What Your Facebook Posts Say About You
Posted on October 11, 2013
Craving attention? Determined to show everyone how great life is? Or just plain old lonely?
Well, chances are your Facebook posts are a blatant reflection of these less-than-subtle motivations.
This tongue-in-cheek analysis featured on Wait But Why chronicles all those love to hate statuses that pop up on our newsfeed only to have us reaching for the block button.
The most deadly of Facebook sins? Blatant image crafting, narcissism and attention seeking.
But the underlying take-home message can be found in the author’s use of this simple Venn diagram:
This stellar piece of advice is the secret to not driving people crazy on Facebook. And the lesson ties in with the fundamentals of good content creation: content is there to serve the reader.
Your Facebook posts should offer something to your followers, a tip, tool or well-thought-out perspective. Don’t feel like you have to keep things strictly business either, a personal lesson learnt or touching story serves the same purpose.
Your Facebook posts should not seek to force a rambling, self-indulgent commentary on a group of unsuspecting bystanders (we all know how well that works for the average street preacher).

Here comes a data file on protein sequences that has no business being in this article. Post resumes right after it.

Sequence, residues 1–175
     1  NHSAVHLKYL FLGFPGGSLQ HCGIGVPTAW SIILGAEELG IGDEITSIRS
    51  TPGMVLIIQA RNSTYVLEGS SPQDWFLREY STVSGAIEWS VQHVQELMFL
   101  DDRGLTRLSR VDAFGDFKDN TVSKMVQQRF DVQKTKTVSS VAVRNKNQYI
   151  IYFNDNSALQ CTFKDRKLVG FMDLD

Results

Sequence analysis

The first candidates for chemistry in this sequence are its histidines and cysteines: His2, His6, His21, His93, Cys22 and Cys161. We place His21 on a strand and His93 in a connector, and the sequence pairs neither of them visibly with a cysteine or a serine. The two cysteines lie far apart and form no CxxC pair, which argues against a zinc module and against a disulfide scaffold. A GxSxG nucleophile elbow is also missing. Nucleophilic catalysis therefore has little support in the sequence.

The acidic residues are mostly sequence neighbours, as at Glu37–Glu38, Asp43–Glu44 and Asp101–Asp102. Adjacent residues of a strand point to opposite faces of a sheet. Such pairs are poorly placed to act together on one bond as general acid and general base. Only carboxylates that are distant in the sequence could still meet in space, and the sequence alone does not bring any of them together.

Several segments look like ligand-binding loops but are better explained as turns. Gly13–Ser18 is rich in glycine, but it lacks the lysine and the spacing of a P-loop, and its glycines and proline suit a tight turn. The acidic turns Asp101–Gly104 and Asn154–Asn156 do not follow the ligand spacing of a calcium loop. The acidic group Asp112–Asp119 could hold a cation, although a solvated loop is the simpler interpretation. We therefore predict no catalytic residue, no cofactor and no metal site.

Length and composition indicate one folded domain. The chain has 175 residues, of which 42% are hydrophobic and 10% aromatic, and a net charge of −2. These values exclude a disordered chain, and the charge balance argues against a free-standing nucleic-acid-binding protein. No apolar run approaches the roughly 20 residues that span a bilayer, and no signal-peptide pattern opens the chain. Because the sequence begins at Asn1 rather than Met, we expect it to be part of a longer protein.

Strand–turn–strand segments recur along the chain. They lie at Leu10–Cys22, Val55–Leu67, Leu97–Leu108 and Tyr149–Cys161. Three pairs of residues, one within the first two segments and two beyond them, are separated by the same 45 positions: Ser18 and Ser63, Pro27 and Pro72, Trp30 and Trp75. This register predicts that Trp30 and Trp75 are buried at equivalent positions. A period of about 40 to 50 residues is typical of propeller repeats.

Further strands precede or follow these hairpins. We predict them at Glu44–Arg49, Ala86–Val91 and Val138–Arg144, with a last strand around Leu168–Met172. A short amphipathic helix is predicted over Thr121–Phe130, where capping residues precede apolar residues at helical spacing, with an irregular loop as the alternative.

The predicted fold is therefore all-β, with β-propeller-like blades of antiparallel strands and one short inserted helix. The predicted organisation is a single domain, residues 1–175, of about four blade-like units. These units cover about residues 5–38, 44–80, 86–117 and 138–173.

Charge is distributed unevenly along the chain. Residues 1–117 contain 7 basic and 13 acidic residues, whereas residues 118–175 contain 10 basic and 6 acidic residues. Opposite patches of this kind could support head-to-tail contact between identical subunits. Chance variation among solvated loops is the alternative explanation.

And this holds true not just for your blog or professional social media accounts, you should treat your personal followers to the same courtesy. After all, social media is all about give and take, you can’t keep taking from your friends and followers without giving something back.
So before you hit Post, check to see if your message is really Facebook friendly:
- Is it entirely self-serving?
- Are you looking for validation or fishing for compliments?
- Do you want to make others envious?
- Are you trying to present an overly polished version of yourself?
If you answered yes to any of the above questions, that’s totally cool! We all need a little personal pick-me-up now and again.
But go ahead and phone a friend or send that overdue email because a public Facebook broadcast may not be the best medium for this particular nugget of thought.